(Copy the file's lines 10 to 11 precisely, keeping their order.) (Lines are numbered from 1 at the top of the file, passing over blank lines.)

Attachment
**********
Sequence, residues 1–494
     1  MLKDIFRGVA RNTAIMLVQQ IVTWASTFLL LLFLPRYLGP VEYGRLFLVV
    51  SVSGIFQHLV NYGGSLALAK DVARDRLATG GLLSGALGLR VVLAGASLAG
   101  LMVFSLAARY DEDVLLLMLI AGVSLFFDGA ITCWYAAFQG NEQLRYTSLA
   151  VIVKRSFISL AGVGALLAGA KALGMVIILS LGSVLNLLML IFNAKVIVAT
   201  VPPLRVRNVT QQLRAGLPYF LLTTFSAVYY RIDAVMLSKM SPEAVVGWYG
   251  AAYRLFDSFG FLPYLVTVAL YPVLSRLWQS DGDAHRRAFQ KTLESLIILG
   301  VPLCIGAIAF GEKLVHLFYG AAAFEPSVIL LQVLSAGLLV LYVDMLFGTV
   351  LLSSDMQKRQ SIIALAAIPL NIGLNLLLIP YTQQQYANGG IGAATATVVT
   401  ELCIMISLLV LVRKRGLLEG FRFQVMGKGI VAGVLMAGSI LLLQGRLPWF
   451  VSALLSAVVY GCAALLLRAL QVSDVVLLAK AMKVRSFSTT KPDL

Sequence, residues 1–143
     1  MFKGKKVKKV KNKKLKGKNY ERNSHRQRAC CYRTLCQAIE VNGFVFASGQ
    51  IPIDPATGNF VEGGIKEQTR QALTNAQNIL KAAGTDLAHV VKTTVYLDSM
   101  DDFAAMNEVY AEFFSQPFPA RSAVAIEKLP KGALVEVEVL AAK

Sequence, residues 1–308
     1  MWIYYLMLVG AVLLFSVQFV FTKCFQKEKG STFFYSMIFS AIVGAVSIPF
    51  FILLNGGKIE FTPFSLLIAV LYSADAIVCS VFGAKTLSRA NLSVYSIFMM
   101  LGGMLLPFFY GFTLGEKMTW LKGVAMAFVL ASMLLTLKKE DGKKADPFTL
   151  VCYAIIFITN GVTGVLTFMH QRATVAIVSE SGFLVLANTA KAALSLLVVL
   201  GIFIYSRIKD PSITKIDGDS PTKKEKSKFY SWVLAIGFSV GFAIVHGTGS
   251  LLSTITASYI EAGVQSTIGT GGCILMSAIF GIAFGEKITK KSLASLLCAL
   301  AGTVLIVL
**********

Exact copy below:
   401  ELCIMISLLV LVRKRGLLEG FRFQVMGKGI VAGVLMAGSI LLLQGRLPWF
   451  VSALLSAVVY GCAALLLRAL QVSDVVLLAK AMKVRSFSTT KPDL